Going into this school year, a few of us were aware that the numerator of Mr. Hussey’s teaching career was thirty-eight. It was not until recently that we were made aware that this number will also serve as the denominator. Mr. Hussey, now retiring, speaks to us about his years at Garneau.
How did you get into teaching?
Partially because I could not stand the sight of blood. I’d always known that it would be teaching – it was just kind of there, in my bone marrow. I also knew it would be English. But when I hit university, I discovered remarkably that I was good at the maths, and I seemed to have a gift for psychology. So that turned me a little bit towards Life Science. An experimental program at McMaster recruiting potential doctors from the Liberal Arts contacted me, so for a bit, I gave a really good look at medicine. That is, until a few good friends reminded me that I’d pass out if I cut my finger.
There were other, more serious things as well. I didn’t really want to spend a lifetime putting back together things that had been torn apart. Teaching seemed more like a “building” profession, and it had been the first choice from the start.
What is your favourite thing about teaching?
There’s a moment where a student will express a desire to speak. Not with raising the hand, but something happens to the face. And you know that at that moment, they’re experiencing an epiphany. Somehow, whether by design or by serendipity, what I have done in the classroom has created this. The face just lights up, and I know that that is the time to allow the student to speak in some way. My favourite thing in teaching has got to be that – creating epiphanies. The students can’t hide them – they just spread right through the face and out the eyes.
What is your favourite memory from your years here at Garneau?
There would be so many around Dramatic Socratics or Pinecrest, or “Oh, Oh, Othello”, classroom debates and discussions, but I think I’d choose the demonstration at the TDSB, where close to two hundred students and parents were there in one of the most creative expressions of public will that I’ve ever seen. I’ve been to demonstrations in the past, and there’s often a nastiness to it. You’ve got professional agitators. You’ve got classic losers with no life so they run around being profoundly committed to things they don’t understand. You’ve got people with ulterior motives and hidden agendas. You’ve got people who just love violence.
This was so different. You had people playing parkour. You had music. You had dance. You had all of this going on, and all of it going on in support of the right to have a public education that is more than mediocre. That would be my favourite memory, of many.
What are you looking forward to in the future?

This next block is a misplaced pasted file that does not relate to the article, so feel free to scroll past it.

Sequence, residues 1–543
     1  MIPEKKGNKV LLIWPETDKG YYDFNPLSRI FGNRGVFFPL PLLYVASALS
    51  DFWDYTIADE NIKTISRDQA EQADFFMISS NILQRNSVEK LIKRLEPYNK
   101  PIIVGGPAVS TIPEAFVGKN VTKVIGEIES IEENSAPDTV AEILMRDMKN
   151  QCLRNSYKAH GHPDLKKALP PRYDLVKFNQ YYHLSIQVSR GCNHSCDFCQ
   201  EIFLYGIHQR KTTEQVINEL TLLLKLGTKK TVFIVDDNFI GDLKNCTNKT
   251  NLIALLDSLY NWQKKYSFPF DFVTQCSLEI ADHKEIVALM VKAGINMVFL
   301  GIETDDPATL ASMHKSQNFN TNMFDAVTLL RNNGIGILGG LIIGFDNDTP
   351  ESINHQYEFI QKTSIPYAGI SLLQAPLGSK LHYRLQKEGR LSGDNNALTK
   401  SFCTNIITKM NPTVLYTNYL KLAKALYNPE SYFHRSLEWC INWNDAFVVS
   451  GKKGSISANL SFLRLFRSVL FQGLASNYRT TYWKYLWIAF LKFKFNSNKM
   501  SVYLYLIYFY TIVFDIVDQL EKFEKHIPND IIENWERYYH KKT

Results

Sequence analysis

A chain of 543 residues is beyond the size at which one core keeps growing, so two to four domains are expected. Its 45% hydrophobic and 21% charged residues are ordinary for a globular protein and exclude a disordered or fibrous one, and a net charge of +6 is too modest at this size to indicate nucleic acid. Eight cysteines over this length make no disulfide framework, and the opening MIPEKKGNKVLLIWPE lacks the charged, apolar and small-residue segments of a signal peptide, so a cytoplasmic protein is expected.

The exposition of the nakedness of the TDSB, for enormous crimes against humanity. Also travel, writing, and expanding my wine collection, which is now becoming really respectable. One of the retirement gifts I received was a wine chiller which is taller than I am and holds one hundred and eighty-six bottles. I also received a bike, so… drinking and driving (he laughs). Believe it or not, I’m going to miss the marking, and obviously the teaching itself.
What are the TDSB’s “crimes against humanity”?
Some are inadvertent. They do not set out to hurt young people. But too often, in the name of expediency or because of political cowardice, they make compromises that contradict the basic tenets of education. Some collection of voices needs to stand up and say: “expediency is not the god that you have made it.”
Then there are the ones that are openly political, and who manipulate people, resources, ideas, to serve their own ends. And there are far too many of them. It is a combination of the inadvertent and the deliberate that has entrenched mediocrity in public education and replaced it with the worship of false gods like diversity and equity, which mean nothing. They are superficial window-dressing put forward in place of real achievement. Have you ever heard of the old fairy tale, “The Emperor’s New Clothes”? That’s what’s needed.
Is there anything you’d like to say to the students of Garneau?
Yeah, there is. And it’s not going to be clichéd. During the recent incident over whether TOPS would stay here or go somewhere else, politicians and self-appointed community leaders referred to TOPS as the “heart of Garneau”. The first thing I’d like to say would be to the TOPS students: it is not your duty to be anybody’s heart. You are not there to be used as some sort of symbol. As we said last summer, you are nobody’s trophy. Do not allow yourselves to be used in that way, either by the community or by the political structure, or by individual teachers. You are nobody’s trophy.
And to the mainstream students of Garneau: anybody who suggests that TOPS is the heart of this school insults you in a way that should not be allowed. You do not need TOPS. You’ve never needed TOPS. You are a force all on your own, and it’s time you made that clear.